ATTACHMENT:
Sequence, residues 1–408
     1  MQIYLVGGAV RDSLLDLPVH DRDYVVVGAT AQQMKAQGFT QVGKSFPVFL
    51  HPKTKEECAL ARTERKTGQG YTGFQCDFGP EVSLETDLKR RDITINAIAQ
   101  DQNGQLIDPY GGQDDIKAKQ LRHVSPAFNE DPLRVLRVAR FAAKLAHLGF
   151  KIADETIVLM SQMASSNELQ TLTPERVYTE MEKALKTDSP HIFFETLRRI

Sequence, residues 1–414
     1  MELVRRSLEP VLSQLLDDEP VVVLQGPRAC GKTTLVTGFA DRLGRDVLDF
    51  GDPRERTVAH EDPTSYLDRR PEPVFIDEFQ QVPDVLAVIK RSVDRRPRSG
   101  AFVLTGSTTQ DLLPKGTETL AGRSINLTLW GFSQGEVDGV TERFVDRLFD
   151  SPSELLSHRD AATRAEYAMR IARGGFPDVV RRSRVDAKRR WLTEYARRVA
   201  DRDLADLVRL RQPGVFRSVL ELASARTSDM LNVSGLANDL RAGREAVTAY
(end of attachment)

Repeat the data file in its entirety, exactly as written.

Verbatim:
Sequence, residues 1–408
     1  MQIYLVGGAV RDSLLDLPVH DRDYVVVGAT AQQMKAQGFT QVGKSFPVFL
    51  HPKTKEECAL ARTERKTGQG YTGFQCDFGP EVSLETDLKR RDITINAIAQ
   101  DQNGQLIDPY GGQDDIKAKQ LRHVSPAFNE DPLRVLRVAR FAAKLAHLGF
   151  KIADETIVLM SQMASSNELQ TLTPERVYTE MEKALKTDSP HIFFETLRRI

Sequence, residues 1–414
     1  MELVRRSLEP VLSQLLDDEP VVVLQGPRAC GKTTLVTGFA DRLGRDVLDF
    51  GDPRERTVAH EDPTSYLDRR PEPVFIDEFQ QVPDVLAVIK RSVDRRPRSG
   101  AFVLTGSTTQ DLLPKGTETL AGRSINLTLW GFSQGEVDGV TERFVDRLFD
   151  SPSELLSHRD AATRAEYAMR IARGGFPDVV RRSRVDAKRR WLTEYARRVA
   201  DRDLADLVRL RQPGVFRSVL ELASARTSDM LNVSGLANDL RAGREAVTAY